I thought I'd give one last not-so-festive post about something that I'm really excited to share with you...
What we have here is a bench made for $14. Yes. Couch change, for some.
I was keeping an eye out for a dining bench for the harvest table I refinished this past summer, but was shocked at some of the prices for them. Well, with a vague idea in mind, and a FIL who helped it come into fruition, here we have a $14:
What made our costs so low was that we used some of his leftover wood pieces for the legs (they were not the nicest looking pieces, but I figured paint would cover that!)
The first thing we did was cut the legs to size, and trace around something round (like a roll of duct tape;) for a cut-out:
After using a jig saw, which my FIL used (thankfully! I'd be slicing & shredding the wood wildly if it were up to me!), we had two neat little legs:
I wanted to have a shelf on the bottom for extra storage, so we measured where it would be, and screwed L-brackets onto the legs first using the same method I used for my sofa tables:
Then we screwed the shelf in place.
Because the L-brackets aren't the strongest for holding everything in place, we added screws into the sides of the legs, securing the leg & shelf together:
Taking the parts into the basement (or the dungeon, as we call it), I took the bench tops (we decided on using two pieces of wood for the top), and stained it with the same stain as these tables:
I used my new sofa tables & some dresser drawers as supports for the staining, and ever so carefully gave the tops one coat.
After they dried, we didn't want to drill into the top of the seat and ruin the seamless look, so we decided to screw in a piece of wood from underneath, also screwing the piece into place from the side of the legs. We did this on either end of the bench.
When they were secure, we also added a skirt on the side of the legs:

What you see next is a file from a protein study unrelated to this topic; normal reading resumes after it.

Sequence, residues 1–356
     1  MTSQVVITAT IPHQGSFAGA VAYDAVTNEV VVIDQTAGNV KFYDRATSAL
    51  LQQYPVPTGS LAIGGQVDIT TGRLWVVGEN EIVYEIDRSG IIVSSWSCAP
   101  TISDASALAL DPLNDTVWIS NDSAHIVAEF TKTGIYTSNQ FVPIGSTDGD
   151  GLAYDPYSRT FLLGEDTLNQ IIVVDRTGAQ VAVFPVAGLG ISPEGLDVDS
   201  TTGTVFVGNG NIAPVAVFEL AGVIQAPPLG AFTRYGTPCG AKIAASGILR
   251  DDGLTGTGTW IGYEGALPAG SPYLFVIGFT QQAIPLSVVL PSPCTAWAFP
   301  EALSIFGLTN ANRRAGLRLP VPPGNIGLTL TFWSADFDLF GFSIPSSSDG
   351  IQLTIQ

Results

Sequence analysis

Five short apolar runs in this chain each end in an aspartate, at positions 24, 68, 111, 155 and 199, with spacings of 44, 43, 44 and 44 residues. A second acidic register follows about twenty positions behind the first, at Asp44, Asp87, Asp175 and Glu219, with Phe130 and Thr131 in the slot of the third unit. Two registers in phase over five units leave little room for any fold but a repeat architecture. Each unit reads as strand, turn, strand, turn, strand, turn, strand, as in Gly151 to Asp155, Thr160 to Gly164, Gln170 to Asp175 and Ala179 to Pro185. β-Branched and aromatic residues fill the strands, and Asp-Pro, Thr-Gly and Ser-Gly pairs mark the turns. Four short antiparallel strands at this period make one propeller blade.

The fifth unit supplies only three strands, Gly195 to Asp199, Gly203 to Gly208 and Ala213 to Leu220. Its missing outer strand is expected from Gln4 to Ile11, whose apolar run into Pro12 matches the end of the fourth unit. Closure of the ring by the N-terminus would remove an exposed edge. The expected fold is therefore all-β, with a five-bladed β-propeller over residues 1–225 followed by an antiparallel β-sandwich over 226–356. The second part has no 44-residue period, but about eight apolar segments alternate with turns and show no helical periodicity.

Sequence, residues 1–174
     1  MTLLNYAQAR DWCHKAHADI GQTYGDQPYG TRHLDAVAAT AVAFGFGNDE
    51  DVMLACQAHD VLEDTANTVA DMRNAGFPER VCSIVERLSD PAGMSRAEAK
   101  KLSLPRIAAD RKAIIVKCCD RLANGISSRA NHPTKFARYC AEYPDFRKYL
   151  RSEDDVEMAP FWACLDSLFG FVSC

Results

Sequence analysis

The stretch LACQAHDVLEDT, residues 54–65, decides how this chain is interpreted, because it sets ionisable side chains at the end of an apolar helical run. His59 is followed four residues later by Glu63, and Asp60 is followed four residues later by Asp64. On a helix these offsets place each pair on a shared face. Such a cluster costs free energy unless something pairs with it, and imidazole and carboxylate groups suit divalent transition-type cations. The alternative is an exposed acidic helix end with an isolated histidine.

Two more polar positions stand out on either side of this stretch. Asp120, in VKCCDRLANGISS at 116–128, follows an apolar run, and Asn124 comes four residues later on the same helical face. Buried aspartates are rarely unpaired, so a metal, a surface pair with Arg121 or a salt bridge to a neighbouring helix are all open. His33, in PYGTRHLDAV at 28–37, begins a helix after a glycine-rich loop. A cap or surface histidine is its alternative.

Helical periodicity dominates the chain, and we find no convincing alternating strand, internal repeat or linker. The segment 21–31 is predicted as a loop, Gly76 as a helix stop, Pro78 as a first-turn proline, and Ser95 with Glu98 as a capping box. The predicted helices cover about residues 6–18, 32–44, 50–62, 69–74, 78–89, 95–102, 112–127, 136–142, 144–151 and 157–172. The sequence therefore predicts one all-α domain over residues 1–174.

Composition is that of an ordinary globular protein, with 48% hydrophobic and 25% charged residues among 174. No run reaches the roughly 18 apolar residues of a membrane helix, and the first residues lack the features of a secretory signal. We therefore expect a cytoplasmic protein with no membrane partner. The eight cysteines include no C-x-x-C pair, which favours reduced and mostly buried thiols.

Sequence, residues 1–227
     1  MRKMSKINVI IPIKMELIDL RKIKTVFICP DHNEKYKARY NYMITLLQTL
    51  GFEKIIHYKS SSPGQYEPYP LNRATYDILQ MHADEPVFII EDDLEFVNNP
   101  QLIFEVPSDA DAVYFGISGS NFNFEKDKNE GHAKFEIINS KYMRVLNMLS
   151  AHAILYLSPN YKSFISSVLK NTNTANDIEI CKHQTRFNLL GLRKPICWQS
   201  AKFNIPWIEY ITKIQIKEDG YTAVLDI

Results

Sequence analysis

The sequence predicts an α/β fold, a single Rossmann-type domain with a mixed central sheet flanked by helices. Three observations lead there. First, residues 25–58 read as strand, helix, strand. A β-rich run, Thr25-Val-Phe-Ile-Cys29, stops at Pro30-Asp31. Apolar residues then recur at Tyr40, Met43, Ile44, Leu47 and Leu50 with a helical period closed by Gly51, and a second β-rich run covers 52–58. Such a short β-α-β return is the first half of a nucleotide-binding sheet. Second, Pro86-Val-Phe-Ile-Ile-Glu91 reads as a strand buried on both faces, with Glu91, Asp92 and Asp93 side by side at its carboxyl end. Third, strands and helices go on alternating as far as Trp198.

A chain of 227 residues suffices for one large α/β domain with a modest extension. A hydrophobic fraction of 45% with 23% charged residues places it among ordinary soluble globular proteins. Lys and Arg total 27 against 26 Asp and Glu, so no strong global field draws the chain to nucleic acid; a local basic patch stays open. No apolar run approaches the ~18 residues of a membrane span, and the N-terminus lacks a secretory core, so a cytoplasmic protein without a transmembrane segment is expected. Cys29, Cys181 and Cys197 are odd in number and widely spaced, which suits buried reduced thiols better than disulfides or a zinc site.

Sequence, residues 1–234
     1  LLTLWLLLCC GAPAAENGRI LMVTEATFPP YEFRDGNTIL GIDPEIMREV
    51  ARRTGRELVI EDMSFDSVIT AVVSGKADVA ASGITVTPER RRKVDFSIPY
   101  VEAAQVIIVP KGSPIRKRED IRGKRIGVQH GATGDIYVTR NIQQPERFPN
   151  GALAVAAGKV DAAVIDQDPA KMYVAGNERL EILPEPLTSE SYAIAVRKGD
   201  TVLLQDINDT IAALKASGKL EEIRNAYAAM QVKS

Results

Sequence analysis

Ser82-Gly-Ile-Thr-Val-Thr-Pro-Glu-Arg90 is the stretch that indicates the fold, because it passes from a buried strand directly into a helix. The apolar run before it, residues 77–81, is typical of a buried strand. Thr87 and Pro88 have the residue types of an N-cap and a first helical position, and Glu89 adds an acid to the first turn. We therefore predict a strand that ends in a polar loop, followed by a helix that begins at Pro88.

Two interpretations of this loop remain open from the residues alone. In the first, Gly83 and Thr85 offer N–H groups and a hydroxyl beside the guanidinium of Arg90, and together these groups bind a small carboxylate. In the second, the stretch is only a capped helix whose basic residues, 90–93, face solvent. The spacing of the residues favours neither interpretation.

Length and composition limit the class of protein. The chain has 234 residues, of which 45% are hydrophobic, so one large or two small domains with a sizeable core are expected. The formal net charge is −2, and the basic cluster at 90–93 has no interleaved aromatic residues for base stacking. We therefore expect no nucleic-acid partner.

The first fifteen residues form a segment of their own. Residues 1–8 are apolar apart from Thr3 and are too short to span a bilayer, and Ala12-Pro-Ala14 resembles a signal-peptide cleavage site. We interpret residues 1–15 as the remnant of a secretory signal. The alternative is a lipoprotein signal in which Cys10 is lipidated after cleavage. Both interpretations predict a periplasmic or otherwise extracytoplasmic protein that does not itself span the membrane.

To prevent the wood from bowing, we added another piece of wood into the centre, and screwed it into place. This made the whole bench feel more solid.
And we made sure they were screwed into place as well.
For the bottom half of the bench, I wanted it to be similar to our harvest table, and decided to paint it white. It needed about three coats before it looked complete. I also gave the bench top another coat of stain.
When it was all complete, it was such a nice addition to our dining table:
I'm hoping to give it a good slathering of polyurethane in the spring when it gets warmer... I want my bum to be sliding on that bench in sheer glossy glory. ;)
Speaking of slipping & sliding, thankfully the bench is quite heavy, which is great with the little guy, so it doesn't wobble or tip (no bench shenanigans for him). And with felt pads on the bottom, the floors are spared any scratches when it's moved around.
I also love how it helps to keep our living/dining area pretty open (without having the backs of the chairs breaking the space up). me like.
And with that shelf for storage, this is what it looks like (on a brighter day, as well!):
I love that the bench can store stuff, keeping my table top fairly clear.
I have a basket for dinner napkins (the prettier the better!), and wet naps for goopy baby fingers/ unexpected spills,
In the larger basket, I have my collection of greeting cards & gift tags for easy access,
and in the last bin, my guy's favourite books that he loves flipping through (usually from back to front, or with the book upside down;)
In case you're wondering, the two smaller baskets were from Ikea, and the larger dark one was a find from Home Sense (the Canadian equivalent to Home Goods for the States).
...and the bookworm himself.
enough bench-talk, mommy. Give me that electronic!
As mentioned, the cost for the bench ended up being $14, because all the wood (except the skirt, and the bench top) were scraps from my FIL's wood collection. Pretty awesome, I'd say! :)
This bench is my new favourite blogging spot, to which I am planted right now while sipping egg nog & eating tangerines.
'tis the season! ;)